Inflation in the funeral business in Germany has led a record number of people to leave their bodies to science, to the point where researchers are now turning away cadavers or even charging donors.
“If you look at the 33 anatomy institutes in Germany taken together, the supply of bodies donated to science has been higher than the demand for a few years now,” Friedrich Paulsen, a professor at the Institute for Anatomy at Martin Luther University in the eastern city of Halle, told AFP.
“Axel Burchardt, spokesman for the Friedrich Schiller University in Jena, eastern Germany has no illusions about what has led to the wave of generosity among grieving families: research institutes generally assume the cost of a funeral once the dearly departed have been dissected.
“It is probably no accident that we have registered a boom in cadaver donations,” he said. Burchardt noted that when only a heart or a kidney is taken from a person who has recently died, the cost of the funeral falls to the family.
Rising taxes on cemeteries mean that burial ceremonies now average upwards of €3,000, according to Heike Boehme-Kueppenbender of the Federation of German Undertakers. ”For luxury funerals, the sky’s the limit,” she said.
Since 2004, public health insurance funds have also axed the €1,000 stipend for funerals. Some families have had to seek public assistance to pay for their loved ones’ burial, while others have sought plots in the Netherlands, Belgium, France or Switzerland where the cost of interment is lower, Boehme-Kueppenbender said.
Against this backdrop, Andreas Winkelmann, a professor at Berlin’s Charite teaching hospital, said it is always less expensive to donate a body for research, although he said it was almost never the sole reason for giving away a corpse.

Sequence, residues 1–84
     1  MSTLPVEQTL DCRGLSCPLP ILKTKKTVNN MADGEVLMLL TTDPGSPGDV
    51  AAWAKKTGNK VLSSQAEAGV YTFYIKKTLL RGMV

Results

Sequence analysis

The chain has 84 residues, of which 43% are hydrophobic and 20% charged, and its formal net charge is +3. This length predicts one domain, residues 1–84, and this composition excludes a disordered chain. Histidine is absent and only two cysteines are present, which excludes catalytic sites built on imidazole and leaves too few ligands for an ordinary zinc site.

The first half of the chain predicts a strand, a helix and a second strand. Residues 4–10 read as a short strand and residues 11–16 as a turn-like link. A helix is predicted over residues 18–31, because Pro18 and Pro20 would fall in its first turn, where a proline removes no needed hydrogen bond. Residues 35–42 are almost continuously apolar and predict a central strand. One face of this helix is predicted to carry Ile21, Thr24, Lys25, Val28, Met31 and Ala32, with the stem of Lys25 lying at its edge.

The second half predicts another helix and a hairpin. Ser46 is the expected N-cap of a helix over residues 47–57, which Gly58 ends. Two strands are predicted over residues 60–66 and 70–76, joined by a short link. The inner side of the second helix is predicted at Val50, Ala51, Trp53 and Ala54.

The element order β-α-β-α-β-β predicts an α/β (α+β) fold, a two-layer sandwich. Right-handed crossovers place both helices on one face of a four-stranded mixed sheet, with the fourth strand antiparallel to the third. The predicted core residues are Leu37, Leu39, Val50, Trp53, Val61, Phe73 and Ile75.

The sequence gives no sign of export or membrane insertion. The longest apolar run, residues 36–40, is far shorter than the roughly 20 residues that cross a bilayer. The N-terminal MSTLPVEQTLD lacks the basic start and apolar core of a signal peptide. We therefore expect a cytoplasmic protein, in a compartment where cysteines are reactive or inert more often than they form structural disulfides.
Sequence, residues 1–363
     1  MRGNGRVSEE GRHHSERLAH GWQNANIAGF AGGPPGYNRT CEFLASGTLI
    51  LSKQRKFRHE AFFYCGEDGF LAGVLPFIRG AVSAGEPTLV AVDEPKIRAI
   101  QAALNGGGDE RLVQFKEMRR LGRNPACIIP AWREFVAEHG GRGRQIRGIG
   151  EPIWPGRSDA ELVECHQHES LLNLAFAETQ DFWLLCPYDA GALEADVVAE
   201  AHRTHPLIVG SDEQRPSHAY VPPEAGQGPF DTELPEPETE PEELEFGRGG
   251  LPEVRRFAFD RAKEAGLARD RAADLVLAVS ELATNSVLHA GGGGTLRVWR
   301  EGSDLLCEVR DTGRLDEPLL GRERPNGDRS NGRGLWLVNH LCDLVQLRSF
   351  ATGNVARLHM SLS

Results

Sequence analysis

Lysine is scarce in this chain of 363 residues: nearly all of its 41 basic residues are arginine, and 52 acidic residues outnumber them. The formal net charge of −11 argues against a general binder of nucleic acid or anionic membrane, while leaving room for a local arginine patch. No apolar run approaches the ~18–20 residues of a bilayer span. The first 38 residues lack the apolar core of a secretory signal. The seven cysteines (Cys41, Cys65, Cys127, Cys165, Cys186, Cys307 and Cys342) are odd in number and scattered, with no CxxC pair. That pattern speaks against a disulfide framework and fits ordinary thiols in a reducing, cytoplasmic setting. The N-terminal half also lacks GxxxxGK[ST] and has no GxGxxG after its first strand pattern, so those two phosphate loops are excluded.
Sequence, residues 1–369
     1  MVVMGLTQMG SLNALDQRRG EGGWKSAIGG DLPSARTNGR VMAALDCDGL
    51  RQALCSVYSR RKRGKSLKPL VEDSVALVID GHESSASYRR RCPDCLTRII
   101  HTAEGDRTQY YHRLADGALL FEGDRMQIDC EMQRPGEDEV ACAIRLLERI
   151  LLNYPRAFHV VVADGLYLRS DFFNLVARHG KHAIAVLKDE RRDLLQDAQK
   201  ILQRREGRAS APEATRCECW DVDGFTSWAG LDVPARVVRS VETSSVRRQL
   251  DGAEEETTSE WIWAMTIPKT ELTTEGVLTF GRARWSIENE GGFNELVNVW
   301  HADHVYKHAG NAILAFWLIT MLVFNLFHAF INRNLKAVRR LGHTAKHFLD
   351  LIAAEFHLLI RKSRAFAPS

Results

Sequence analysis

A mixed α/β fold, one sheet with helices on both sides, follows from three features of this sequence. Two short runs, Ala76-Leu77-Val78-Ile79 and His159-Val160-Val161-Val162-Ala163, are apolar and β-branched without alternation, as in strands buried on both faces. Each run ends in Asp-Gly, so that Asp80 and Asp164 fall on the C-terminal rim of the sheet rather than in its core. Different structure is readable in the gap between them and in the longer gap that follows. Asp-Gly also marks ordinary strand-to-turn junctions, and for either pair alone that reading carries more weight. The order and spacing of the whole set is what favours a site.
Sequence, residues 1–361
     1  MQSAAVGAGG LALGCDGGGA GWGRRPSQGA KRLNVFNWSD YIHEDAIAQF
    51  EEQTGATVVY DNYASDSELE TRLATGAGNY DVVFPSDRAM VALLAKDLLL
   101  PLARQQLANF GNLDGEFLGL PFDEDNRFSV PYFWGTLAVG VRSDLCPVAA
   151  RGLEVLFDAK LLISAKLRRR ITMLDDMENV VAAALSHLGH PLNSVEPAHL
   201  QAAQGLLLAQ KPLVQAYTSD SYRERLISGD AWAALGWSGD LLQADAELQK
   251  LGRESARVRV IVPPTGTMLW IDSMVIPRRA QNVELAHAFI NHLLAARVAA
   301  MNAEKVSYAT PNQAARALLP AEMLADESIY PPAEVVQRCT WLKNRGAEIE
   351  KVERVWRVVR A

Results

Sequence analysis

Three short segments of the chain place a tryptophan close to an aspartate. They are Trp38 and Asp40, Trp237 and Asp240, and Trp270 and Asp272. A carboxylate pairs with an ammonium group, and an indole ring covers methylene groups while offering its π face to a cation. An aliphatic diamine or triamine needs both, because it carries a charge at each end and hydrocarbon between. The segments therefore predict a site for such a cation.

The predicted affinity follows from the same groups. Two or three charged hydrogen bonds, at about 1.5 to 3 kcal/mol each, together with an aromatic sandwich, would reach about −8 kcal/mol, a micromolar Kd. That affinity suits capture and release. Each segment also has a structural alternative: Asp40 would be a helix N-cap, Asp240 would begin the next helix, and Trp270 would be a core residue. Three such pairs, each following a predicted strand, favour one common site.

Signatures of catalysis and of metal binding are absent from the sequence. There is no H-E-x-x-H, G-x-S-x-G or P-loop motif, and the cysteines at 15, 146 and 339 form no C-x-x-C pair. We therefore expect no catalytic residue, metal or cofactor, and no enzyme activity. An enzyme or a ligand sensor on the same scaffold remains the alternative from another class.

In Frankfurt in the west, the number of donated cadavers has been rising for three to five years, said Christof Schomerus, of the anatomy department staff at the Goethe University.
”We have 30 or 35 cadavers every year but we only need 20 or 25 for the students,” he said. “With a dozen left over, we do continuing education for doctors.”
He said he welcomed the surplus compared to a dearth a decade ago.
“We no longer have to put ads in the papers,” Schomerus said.
He said the downside was rising costs for anatomy colleges because German law stipulates that every body, dissected or not, must receive a burial or cremation.
Institutes once received state funeral allowances for each corpse bequeathed but the funds were eliminated in 2004.
In addition come the costs of transport and preservation, which has led about a quarter of institutes in Germany to levy a fee on bodies donated of between €450 and €1,250, Paulsen in Halle said.
In Munich, volunteers are asked for their “understanding” about the €1,150 fee but there was room to negotiate “in case of urgent need”.
The anatomy institute there admitted that some volunteers had backed out of their offer to donate their corpses upon their death as a result of the charge but said it was nevertheless overwhelmed with donations and forced to cap them.
In the northern city of Hannover, only local residents may apply. In other cities including Leipzig, Frankfurt or Halle, volunteers must live within 100 kilometres of the institute.
“We do not want to see the development of cadaver tourism,” Schomerus explained dryly.
Sabine Loeffler at the University of Leipzig admitted the new rules were a bit harsh.
“It may be a little macabre but we do not have a choice,” she said.